Malaysian firm offers system to track virus

Malaysian firm offers system to track virus

Malaysian company MY E.G. Services Berhad (MYEG) has unveiled an artificial intelligence-powered health profiling and tracking system that can help screen coronavirus infection at borders.

MYEG, an e-government tech provider, is now making the system, which has capabilities that include anomaly tracking, available to the Philippine government for free.

“In the interest of public health and as its contribution toward the ongoing efforts to address the spread of the virus, MYEG is offering the technology to the governments in the countries where it is currently operating, namely Malaysia and the Philippines, at no charge,” MYEG said in a press statement.

The MYEG system is fully automated and encompasses a vast number of available data points, including visitors’ previous known whereabouts as well as heart rate and blood pressure readings, cross-referenced against public transportation ridership and exposure to locations with incidences of infections.

In addition, the system provides ongoing monitoring of activities within the country, thus alerting health authorities to any anomalies and to take immediate appropriate measures such as evacuation or quarantine.

Led by Malaysian businessman Wong Thean Soon, MYEG has operations in the Philippines through a joint venture with local entrepreneur Enrique Gonzales’ i-Pay Ventures Commerce Ventures Inc. (I-Pay).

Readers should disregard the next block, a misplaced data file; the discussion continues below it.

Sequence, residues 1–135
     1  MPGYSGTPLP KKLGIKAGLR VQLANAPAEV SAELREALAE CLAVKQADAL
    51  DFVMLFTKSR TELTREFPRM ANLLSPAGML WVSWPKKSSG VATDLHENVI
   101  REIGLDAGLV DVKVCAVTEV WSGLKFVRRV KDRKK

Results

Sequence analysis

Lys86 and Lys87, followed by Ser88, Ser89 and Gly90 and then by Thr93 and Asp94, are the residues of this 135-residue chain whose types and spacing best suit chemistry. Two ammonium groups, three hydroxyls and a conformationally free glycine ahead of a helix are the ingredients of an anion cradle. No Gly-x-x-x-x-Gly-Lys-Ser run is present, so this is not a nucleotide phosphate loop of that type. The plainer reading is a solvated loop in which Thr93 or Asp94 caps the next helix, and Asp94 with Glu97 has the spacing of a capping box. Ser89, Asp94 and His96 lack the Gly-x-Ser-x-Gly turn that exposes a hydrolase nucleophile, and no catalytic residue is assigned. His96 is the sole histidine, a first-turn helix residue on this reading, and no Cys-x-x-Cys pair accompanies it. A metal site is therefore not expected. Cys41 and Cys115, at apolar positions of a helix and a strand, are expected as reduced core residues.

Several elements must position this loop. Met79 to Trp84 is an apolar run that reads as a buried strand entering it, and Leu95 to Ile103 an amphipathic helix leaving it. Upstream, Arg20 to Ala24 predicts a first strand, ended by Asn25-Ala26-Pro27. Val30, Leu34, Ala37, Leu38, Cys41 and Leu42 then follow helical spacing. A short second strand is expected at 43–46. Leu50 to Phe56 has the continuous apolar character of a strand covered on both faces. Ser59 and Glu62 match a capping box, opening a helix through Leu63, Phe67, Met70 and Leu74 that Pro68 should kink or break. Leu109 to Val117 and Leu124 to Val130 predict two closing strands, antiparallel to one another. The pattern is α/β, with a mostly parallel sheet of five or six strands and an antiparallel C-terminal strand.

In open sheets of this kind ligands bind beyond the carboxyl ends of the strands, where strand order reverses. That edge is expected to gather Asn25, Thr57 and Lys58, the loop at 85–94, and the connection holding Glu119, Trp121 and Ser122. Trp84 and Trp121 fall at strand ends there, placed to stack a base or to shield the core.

Asked whether the technology has been accepted by the Philippine government, Gonzales said: “We are in discussions with the government, which will hopefully lead to a separate announcement at a later date.”

MYEG , listed on the Bursa Malaysia Securities, said the group would work closely with Philippine agencies to “ensure the system can be deployed quickly and effectively, if required.”

The launch of the new technology comes amid the new coronavirus outbreak that the World Health Organization has declared an international emergency.

A smart health profiling and tracking system capable of handling large volumes of inbound travelers has become a matter of urgency for governments worldwide, particularly in countries popular among visitors from China, the origin of the virus that has now infected 82,000 people and claimed 2,800 lives worldwide.- Inquirer Net